Referencing their speeches here! And the #RuleofThree
The Rule of Three, as Wikipedia explains it is “..a writing principle that suggests that a trio of events or characters is more humorous, satisfying, or effective than other numbers. The audience of this form of text is also thereby more likely to remember the information conveyed because having three entities combines both brevity and rhythm with having the smallest amount of information to create a pattern.”
Well said Wiki, yet I still feel I must explain how this simple rule I teach, love and use, can help you too with the way you present, answer questions and sell and idea, service or product.
Tell Your Story – One of the books I always recommend at my presentation skills workshop is Jerry Weissman “Presenting to Win – The Art of Telling Your Story“. And what have you learnt about stories? Structure! Yes… we relish the imagery, get lost in the journey and want the juicy details, yet #structure is key. The simplest one being that there should always be The Opening, The Body, The Close.
So too with your presentations. Dave Linehan PMP CEng reminds us in his blog (link in comments) Dale Carnegie once said, “Tell the what you going to tell the, tell them, tell them what you just told them”.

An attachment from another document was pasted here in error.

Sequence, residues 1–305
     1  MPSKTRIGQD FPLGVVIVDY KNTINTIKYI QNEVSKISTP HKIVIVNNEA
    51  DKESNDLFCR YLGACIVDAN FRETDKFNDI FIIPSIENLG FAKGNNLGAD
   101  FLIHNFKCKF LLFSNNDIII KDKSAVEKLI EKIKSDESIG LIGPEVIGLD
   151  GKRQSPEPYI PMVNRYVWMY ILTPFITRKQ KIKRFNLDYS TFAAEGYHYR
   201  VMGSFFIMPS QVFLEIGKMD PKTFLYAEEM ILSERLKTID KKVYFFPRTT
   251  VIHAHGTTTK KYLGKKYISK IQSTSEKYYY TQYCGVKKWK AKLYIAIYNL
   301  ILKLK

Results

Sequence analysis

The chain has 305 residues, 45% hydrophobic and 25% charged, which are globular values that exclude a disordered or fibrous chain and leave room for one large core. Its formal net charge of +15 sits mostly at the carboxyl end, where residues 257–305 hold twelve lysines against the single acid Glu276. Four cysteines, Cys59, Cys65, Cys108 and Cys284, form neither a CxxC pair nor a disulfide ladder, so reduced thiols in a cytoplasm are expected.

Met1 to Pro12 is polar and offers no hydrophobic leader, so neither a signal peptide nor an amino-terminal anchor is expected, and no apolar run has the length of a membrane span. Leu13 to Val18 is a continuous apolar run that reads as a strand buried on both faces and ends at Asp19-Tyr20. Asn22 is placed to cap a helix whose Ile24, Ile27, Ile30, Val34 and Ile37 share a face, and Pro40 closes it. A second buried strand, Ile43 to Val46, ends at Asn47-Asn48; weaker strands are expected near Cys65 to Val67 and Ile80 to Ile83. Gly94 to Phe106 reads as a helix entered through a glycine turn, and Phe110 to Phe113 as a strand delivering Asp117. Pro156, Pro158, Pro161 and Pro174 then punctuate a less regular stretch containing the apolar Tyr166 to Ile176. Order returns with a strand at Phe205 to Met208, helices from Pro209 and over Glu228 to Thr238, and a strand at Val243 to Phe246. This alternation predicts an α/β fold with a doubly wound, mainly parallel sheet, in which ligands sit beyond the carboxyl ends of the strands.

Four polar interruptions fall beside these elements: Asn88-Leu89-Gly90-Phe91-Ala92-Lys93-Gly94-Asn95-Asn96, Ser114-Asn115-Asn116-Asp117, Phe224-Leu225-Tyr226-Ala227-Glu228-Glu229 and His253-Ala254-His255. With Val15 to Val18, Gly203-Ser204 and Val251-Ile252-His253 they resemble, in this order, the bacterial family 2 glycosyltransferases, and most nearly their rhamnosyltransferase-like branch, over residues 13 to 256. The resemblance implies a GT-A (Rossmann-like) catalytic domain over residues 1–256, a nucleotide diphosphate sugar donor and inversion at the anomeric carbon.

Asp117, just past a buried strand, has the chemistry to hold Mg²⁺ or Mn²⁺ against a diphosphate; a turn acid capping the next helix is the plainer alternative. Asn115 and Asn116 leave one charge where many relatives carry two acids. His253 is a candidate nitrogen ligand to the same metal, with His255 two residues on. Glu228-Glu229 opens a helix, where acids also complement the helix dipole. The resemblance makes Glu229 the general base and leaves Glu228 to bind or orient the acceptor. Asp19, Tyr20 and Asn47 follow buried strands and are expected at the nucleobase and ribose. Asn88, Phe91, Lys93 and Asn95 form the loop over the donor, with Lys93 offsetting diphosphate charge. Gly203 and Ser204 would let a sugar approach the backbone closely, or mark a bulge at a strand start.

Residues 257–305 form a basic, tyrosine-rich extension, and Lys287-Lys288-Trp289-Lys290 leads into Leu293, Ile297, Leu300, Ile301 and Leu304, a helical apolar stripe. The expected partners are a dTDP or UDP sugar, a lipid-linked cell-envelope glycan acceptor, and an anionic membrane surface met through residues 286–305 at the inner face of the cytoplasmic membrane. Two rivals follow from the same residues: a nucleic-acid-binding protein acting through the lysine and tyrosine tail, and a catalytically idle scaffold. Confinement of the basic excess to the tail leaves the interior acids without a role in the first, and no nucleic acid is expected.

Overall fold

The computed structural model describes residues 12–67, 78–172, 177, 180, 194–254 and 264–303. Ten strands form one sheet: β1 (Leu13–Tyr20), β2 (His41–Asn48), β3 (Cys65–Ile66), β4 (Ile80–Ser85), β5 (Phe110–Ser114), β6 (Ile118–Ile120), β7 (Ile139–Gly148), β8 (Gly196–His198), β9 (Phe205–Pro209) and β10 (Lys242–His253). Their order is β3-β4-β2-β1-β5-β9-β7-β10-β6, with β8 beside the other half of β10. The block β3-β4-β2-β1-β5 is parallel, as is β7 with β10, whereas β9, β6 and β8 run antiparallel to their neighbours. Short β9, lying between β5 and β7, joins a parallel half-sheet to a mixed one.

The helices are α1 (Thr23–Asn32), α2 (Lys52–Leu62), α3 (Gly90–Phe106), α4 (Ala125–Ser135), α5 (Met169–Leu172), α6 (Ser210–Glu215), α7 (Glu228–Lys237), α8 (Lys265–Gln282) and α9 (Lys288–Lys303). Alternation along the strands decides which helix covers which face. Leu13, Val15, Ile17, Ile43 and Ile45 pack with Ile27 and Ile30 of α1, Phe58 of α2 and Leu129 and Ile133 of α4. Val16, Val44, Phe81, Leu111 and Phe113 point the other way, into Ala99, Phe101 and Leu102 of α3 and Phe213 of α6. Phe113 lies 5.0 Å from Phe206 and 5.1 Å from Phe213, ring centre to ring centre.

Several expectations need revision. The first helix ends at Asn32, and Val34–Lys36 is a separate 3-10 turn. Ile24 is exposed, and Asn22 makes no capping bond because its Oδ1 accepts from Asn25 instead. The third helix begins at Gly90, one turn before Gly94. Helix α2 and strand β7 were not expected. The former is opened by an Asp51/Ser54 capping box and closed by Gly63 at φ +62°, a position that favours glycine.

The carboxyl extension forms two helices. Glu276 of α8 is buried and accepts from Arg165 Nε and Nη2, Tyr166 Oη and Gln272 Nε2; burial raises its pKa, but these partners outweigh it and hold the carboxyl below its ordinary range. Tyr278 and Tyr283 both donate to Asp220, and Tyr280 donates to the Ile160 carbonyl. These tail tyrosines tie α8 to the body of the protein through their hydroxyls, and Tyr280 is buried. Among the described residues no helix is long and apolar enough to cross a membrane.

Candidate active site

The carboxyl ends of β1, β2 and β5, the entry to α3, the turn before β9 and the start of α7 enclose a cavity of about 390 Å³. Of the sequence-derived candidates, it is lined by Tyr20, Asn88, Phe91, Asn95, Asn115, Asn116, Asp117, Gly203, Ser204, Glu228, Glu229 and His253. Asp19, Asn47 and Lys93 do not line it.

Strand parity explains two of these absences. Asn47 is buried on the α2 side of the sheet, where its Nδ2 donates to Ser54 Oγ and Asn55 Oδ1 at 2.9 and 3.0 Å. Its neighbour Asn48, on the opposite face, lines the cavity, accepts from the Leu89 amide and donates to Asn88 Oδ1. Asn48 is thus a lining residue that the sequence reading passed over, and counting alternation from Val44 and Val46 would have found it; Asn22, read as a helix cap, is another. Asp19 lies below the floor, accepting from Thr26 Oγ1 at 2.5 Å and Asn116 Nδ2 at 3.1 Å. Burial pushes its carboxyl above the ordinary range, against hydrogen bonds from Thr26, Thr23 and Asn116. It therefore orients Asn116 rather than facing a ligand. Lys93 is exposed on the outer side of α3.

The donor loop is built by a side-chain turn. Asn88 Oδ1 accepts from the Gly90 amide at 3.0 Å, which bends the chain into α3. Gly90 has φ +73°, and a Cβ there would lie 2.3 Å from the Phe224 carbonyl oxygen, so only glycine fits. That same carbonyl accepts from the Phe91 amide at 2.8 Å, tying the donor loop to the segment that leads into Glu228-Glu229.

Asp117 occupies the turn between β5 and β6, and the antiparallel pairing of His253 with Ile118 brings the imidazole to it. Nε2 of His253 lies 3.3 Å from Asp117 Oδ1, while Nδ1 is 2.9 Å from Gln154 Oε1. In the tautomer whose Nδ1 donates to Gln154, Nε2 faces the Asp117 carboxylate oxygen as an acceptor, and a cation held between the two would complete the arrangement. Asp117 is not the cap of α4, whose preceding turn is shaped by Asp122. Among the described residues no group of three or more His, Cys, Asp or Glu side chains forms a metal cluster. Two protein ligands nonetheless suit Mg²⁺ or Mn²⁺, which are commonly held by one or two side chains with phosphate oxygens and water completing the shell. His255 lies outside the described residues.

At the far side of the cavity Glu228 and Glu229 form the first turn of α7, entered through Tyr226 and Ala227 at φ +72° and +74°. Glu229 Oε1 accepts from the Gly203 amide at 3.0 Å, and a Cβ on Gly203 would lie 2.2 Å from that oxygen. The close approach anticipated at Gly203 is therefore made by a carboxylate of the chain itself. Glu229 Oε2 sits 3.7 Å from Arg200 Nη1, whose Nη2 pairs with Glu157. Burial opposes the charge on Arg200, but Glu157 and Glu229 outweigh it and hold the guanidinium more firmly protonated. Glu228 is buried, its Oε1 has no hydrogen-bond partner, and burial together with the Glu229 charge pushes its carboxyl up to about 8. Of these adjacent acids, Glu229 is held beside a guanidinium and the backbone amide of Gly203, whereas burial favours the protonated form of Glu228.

At The Change Business, our Presenting Intelligence™ Template incorporates this structure for basic business presentations.
Easy to Follow -We also recommend 3-part structures when presenting at meetings. A common one would be sharing The Issue, The Emerging Challenge, The Recommended Solution. There is a logical flow that is easy for your listener to grasp, follow and understand.
Any chronological pattern that flows in sequence can be a useful 3-part structure to use too. For example, Before, During and After (explaining the progress of a project or an action plan).
Keeping to “three part structures” are really useful too when answering questions. No one likes to ask a question only to realise you wished you had not asked the question in the first place!
Make an Impact – Attention spans are very limited these days. Share too much when answering a question, you will lose them. So the next time someone asks for e.g. “Why should we choose you?”, answer with three strengths or perhaps three benefits they gain for doing so….even better three consequence should they choose not to hire you, use your service or buy your product. Emphaising with three points just makes it more convincing.
There are many applications to this rule not only in communication but also in our every day lives. Which ones have you noticed?